It’s very early in the morning, it’s still dark outside, and I have knots in my stomach. Why the nervousness? Because I am preparing for my daily shiur to first-year mesivta boys. One would think that after having taught the yeshivishe masechtos for over six cycles, it would be a breeze and quite relaxing. To the contrary. Despite having written and rewritten extensive notes over the years, the knots in my stomach are tighter than ever, because the talmidim I will be facing are better prepared than ever. They are fluent in Mishnayos in some of the most complex masechtos. Many of them have completed numerous masechtos in Gemara.
Like young lions ready to attack, they challenge me, asking, probing, bringing proofs, trying to contradict what was just said from something we learned earlier. One can literally see a troubled look on their faces when they don’t understand and the simcha when they finally do. What I was able to gloss over in the past, not explaining the last minute detail of the sugya, I can no longer do. They want to know the exact translation of every word, grasp the complete explanation of every concept, and master every nook and cranny of the topic. It’s been these last couple of years that I feel the pressure of preparation more than ever before.
Don’t get me wrong. These are not robots we are talking about. They are very human, with ups and downs, enjoying a good laugh, and needing to be motivated from time to time. But basically, they are self-motivated, use their time properly, and enjoy learning. At their stage in life, they are way ahead of where their rebbi was at that age, and hopefully, with the help of Hashem, they will continue to flourish this way throughout their lives.
Daylight arrives, preparation done, my notes complete. I come to yeshiva and enter one of the back shiur rooms where I don my tallis and tefillin. Behind me are two talmidim already in their tefillin learning Maseches Megillah, presumably to be finished by this coming Purim. Around me are other talmidim, precious gems, putting on their tefillin and davening with such an erentzkeit. After a full day of shiurim and secular studies, a night seder in the big bais medrash features a cacophony of sounds – boys learning, arguing over a sevara, looking up Rishonim and Acharonim, others catching up with their notes.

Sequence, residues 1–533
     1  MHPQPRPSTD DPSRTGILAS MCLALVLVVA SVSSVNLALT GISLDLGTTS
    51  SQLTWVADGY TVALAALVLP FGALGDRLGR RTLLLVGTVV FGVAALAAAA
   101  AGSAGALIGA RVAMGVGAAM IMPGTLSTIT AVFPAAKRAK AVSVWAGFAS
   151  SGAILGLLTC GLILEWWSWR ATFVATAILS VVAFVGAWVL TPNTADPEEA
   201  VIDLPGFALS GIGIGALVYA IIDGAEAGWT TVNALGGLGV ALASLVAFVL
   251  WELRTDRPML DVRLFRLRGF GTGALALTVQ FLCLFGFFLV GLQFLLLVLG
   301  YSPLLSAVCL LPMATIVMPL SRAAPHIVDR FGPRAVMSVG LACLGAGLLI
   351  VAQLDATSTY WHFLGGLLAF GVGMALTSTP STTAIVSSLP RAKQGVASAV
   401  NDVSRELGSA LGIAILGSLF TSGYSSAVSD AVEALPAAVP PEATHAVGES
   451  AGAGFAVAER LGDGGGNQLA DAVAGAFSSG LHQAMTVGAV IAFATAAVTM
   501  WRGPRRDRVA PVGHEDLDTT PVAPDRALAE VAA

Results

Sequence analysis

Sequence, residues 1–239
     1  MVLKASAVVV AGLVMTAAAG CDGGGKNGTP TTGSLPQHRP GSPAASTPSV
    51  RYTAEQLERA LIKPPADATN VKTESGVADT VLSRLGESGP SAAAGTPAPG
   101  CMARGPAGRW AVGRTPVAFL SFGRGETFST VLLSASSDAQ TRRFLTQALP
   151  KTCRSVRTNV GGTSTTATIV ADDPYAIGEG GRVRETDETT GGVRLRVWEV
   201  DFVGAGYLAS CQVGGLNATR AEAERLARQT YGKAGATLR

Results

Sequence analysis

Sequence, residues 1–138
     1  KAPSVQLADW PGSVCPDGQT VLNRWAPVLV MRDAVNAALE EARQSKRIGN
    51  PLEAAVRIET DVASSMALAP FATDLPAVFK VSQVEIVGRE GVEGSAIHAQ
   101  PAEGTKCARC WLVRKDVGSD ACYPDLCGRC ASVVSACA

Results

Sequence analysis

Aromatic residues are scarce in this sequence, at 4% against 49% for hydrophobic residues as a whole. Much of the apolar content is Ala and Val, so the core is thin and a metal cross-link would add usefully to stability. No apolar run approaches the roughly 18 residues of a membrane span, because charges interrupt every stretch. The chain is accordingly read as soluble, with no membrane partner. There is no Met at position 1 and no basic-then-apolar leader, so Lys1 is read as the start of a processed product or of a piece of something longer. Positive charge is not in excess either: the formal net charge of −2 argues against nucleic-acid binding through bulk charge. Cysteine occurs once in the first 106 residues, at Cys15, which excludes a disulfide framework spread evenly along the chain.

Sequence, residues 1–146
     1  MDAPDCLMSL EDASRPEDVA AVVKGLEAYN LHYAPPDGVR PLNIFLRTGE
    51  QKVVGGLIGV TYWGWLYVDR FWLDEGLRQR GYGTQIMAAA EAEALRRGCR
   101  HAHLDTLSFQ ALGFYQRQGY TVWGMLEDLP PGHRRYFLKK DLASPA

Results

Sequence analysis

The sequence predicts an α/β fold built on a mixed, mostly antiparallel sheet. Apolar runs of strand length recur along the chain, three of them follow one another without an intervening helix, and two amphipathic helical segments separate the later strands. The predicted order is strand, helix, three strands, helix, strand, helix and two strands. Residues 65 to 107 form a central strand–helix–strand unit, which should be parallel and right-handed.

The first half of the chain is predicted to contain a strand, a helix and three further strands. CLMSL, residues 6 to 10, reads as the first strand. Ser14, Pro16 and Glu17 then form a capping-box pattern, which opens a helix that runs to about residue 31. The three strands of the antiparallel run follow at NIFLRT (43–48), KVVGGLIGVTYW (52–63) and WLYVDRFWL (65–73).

One must shake his head in wonder. How did this all happen? In all my years as a rebbi, I don’t remember hearing such a loud chorus of the songs of Torah. Yes, I experienced it as a bochur in the Telzer bais medrash, but these boys are much younger. And yet, the beautiful sounds of Torah resonate in a way that is a throwback to previous generations.
Although I am blessed to teach in a very special yeshiva, this is not unique to our mosad alone. In summer camp, I get to meet boys from numerous other yeshivos that dot various cities throughout America. Many of them have this same zeal for learning and davening. On a visit to Lakewood, I see mesivta boys in botei medrash on a Shabbos afternoon hunched over their Gemaros, reviewing what they learned during the week. Younger boys are reviewing Gemara or Mishnayos with their fathers. The sound of Torah is heard in these botei medrash and many others throughout the land. Who could have imagined after a world war that decimated our people that we could ever recover? And yet, it is so evident that our enemies were not able to silence the voice of Yaakov, as limud haTorah is spreading everywhere and on a high level. What a pleasure this is for Hakadosh Boruch Hu. And what a nachas ruach it is to their zaidies and bubbies who perished in the war to know that their progeny continue to perpetuate their legacy.
Yes, but… There are so many prob… Please, no buts. At least not for now. As a parent and a rebbi, this writer is well aware that we are not living in a utopian world and that there are many challenges we face in chinuch. But just for the moment, let’s focus on the positive and on what’s being done right.
First of all, it takes tremendous diyata diShmaya for us to experience such phenomenal success. Rav Chatzkel Levenstein said at a mesibah at the Ponovezher Yeshiva, where the zemiros were breathtaking, that it is no simple matter to have such a wonderful gathering amidst kedusha in our day and age. It takes tremendous help from Above. This was in Bnei Brak over 50 years ago. What are we to say about the proliferation of mekomos haTorah here in America? In golus permeated with tumah, greed and all kinds of interests that can easily lure someone away from Torah, we are witnessing these nissim.
But this is also testimony to the mesiras nefesh of our gedolim who planted Torah here in America and around the world, and to the devotion of the founders and supporters of the various mosdos haTorah responsible for this renaissance of Yiddishkeit. It would have been a lot easier to establish institutions that were more in tune with American culture. This would have been more attractive to the populace here and fundraising would have been a lot easier, but they weren’t willing to compromise any of their traditional values. They were set on replanting the old mosdos on this continent and boruch Hashem they have been successful.
Our chareidi school system is thriving. I have only fond memories of my school experience, but in those years shortly after the war, the schools were still in their embryonic stage. Over the years, they have become much more organized in transmitting Torah in a way that could appeal to an American boy with new methods that have not compromised our mesorah by one iota. There is so much more material being covered in the younger grades and with more of a clarity, giving children a more solid foundation before entering mesivta. There are also many more extracurricular activities during which talmidim use free time constructively to complement what they learn in school. The hard work and mesirus nefesh of the menahalim, rabbeim and moros can be seen in the bounty that their hallowed fields are producing.